Boeing continues to target the fourth quarter for regulatory approval to return the 737 MAX to service after two deadly crashes, a spokesman said Tuesday.
Boeing last week organized simulator tests for pilots from leading U.S. carriers on new systems upgraded after two deadly MAX crashes. Boeing's changes received positive feedback, according to people familiar with the matter, boosting Boeing's hopes of meeting its target date.
"While the decision is up to the regulators, we continue to work towards return to service of the MAX in the fourth quarter of this year," Boeing spokesman Gordon Johndroe told AFP.
The tests took place in Miami last week and involved pilots from American Airlines, Southwest Airlines and United Airlines of Boeing's upgrades to the Maneuvering Characteristics Augmentation System, a flight handling system that has been tied to crashes of Lion Air and Ethiopian Airlines flights that together claimed 346 lives.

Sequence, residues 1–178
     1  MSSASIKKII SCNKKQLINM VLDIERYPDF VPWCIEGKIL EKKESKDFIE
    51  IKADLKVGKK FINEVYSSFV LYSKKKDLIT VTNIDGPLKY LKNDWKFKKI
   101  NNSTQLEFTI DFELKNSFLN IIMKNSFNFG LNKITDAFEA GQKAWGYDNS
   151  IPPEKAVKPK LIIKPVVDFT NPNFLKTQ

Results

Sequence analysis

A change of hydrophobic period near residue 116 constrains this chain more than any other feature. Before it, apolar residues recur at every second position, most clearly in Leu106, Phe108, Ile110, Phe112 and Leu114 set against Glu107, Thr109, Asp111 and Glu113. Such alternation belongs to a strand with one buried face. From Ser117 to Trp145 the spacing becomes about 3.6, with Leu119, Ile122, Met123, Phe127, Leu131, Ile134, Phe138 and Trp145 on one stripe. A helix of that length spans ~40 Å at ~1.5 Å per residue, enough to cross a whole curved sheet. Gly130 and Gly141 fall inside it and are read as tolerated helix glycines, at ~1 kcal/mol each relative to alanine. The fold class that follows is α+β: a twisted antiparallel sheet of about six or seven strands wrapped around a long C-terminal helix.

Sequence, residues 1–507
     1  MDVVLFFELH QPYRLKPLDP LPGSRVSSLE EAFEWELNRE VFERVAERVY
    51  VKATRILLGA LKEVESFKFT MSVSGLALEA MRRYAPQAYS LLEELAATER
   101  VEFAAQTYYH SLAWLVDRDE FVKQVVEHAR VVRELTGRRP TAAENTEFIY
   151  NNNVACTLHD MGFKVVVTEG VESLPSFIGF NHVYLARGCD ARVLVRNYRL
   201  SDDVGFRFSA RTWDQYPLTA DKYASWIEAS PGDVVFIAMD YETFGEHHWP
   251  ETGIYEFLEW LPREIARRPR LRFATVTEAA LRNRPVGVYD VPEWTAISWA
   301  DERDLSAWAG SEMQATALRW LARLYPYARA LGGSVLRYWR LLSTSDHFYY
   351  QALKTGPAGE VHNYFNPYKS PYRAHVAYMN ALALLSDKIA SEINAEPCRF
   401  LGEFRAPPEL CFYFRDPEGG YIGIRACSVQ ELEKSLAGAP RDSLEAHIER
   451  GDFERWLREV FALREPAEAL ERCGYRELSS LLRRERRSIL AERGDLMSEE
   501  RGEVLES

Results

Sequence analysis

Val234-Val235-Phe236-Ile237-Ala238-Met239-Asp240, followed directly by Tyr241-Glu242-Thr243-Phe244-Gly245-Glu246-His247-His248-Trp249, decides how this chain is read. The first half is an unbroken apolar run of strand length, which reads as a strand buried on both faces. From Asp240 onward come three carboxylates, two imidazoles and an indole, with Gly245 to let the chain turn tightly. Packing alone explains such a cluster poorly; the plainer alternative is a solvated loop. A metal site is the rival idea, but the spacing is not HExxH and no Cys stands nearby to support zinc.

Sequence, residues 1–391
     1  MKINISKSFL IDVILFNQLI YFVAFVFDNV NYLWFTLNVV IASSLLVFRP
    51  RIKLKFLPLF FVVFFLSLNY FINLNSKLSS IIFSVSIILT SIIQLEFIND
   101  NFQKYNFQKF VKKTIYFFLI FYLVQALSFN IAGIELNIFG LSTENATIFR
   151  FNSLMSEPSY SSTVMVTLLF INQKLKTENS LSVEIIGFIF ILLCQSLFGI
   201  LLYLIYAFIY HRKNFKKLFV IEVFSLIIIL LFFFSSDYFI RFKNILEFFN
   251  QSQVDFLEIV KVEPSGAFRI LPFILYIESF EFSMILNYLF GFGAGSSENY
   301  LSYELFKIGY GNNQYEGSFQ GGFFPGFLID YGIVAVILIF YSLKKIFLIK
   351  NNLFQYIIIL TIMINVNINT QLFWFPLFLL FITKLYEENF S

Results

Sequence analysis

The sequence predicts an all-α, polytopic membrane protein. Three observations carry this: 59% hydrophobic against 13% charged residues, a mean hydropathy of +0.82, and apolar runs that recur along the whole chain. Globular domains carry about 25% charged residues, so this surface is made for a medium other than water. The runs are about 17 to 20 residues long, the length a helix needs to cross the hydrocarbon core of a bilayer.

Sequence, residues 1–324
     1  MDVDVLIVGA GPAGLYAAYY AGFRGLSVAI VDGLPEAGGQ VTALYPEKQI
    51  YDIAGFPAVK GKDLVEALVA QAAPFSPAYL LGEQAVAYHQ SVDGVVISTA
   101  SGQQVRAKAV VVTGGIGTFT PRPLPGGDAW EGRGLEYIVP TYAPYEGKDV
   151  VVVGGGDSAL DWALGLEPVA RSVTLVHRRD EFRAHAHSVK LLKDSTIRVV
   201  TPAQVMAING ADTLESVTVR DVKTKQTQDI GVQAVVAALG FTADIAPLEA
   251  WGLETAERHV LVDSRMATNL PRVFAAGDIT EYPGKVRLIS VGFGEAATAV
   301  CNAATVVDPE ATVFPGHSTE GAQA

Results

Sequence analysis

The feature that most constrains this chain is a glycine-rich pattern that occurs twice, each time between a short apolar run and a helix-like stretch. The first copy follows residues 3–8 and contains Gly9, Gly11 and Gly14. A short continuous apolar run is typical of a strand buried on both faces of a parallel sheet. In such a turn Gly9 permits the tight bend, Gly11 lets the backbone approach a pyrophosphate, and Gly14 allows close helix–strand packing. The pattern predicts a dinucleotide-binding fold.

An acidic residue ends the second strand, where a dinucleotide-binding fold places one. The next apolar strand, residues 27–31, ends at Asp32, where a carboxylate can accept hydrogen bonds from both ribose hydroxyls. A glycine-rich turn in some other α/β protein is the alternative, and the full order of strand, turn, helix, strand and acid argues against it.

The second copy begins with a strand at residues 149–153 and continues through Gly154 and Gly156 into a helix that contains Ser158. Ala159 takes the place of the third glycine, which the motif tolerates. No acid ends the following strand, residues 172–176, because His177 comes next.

The timeframe for returning the 737 MAX to service has been repeatedly pushed back since the plane was first grounded in mid-March following the second crash.
Last week the head of the Federal Aviation Administration said that decisions to unground the plane would be up to each country, a sign of the lack of consensus among regulators over how to proceed.
Boeing Chief Executive Dennis Muilenburg said one possibility was a "phased ungrounding" of the jets, as regulators in Europe appear unlikely to move as quickly as the FAA.
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